The new American Academy of Pediatrics guidelines for childhood obesity have shifted from a “watchful waiting” method to “early and aggressive treatment.” Recent coverage of the guidelines in The Seattle Times and other reputable news outlets has recognized this new understanding of childhood obesity as a disorder in need of immediate, aggressive intervention, but has given little attention to what has been proven to help keep kids healthy — a nutritious diet and healthy lifestyle habits.
Body size is complex and influenced by a multitude of factors. According to the Centers for Disease Control and Prevention, obesity in children ages 2 to 18 is defined as a body mass index above the 95th percentile. The average body size and weight in humans in the United States has significantly increased over the past 60 years, which means more adults and children fall into categories defined to be overweight and obese. There has been much pressure on medical organizations to “fix” the problem of increasing body weight, but I believe our perspective and approach have been all wrong.
Emphasizing body size, especially in children, is unlikely to help us achieve our ultimate goal for our patients — promoting health, well-being and longevity. Drugs and surgery in young children address only one symptom. However, it tends to undermine root causes, which is what is truly driving our skyrocketing incidence of chronic diseases, conditions such as cardiovascular disease, diabetes, dementia and early mortality.
The answers lie in the practice and promotion of lifestyle medicine, systemic changes to our food supply and availability, intuitive eating practices and a de-emphasis on body size as the determining factor of health and well-being.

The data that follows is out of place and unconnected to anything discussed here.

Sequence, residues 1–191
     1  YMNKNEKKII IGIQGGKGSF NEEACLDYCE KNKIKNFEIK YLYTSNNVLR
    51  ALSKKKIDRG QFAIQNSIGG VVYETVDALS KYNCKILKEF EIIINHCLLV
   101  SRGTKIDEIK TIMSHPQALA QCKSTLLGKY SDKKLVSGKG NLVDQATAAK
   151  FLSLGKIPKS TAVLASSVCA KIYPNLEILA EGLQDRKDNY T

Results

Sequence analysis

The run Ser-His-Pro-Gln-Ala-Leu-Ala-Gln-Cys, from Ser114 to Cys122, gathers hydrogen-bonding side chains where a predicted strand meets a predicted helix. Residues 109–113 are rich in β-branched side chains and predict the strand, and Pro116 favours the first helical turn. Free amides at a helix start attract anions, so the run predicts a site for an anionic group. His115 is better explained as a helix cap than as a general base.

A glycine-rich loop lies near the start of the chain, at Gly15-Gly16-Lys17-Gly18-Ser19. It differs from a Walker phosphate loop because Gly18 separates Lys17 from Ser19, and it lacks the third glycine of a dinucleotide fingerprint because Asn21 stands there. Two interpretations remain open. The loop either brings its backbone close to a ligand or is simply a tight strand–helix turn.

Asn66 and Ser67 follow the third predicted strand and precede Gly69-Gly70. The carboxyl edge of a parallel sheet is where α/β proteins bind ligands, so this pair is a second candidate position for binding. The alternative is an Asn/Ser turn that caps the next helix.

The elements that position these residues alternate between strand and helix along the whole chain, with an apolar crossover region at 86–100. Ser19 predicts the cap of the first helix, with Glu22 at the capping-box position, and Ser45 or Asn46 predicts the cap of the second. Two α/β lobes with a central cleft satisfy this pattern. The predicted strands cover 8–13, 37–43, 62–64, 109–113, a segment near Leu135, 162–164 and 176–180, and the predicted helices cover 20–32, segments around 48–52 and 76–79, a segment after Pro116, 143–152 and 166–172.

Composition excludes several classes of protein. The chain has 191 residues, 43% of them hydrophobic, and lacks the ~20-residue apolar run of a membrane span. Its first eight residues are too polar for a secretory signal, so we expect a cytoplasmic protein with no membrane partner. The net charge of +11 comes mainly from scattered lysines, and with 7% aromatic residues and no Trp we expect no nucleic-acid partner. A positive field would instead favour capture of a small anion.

According to a study in the American Journal of Clinical Nutrition, a diet rich in vegetables, fruits, legumes and whole grains is associated with lower body weight in children, which is associated with a decreased risk of chronic disease. Decades of research show that this type of healthy, plant-based eating can help prevent, improve and even reverse type 2 diabetes. The American Diabetes Association even endorses a plant-based diet.
A low-fat, plant-based diet also lowers the risk of heart disease in children by improving their blood pressure and cholesterol levels, according to a Cleveland Clinic study. That’s critical as some children now show evidence of significant heart disease beginning as young as age 8! And half of US children and adolescents do not have ideal cholesterol levels, with 25% in the clinically high range.
I have seen firsthand in my pediatric practice the difference diet and lifestyle modifications can make for the health and well-being of children and their entire family. My goal is not to mold children into a certain body size but to provide all the education and tools to live a long and healthy life through health-promoting habits and behaviors.
Some tips I share with parents to encourage the adoption of health-promoting eating habits include:
• Teach children the value of good nutrition and that food is a fuel for health and well-being. There are no good and bad foods, but some foods are higher in nutrient density and fiber.
• Have healthy foods readily available for meals and snacks, for example hummus and crackers, or a fresh or frozen fruit smoothie.
• Follow a flexible schedule for meal and snack times and support children as they learn to listen to natural hunger and fullness cues, rather than focusing on “cleaning plates.”
• Engage children in the food preparation process.
While diet is not a panacea, the mention of prevention and dietary interventions that work to reduce the risk of chronic disease should be a part of any reporting on childhood obesity.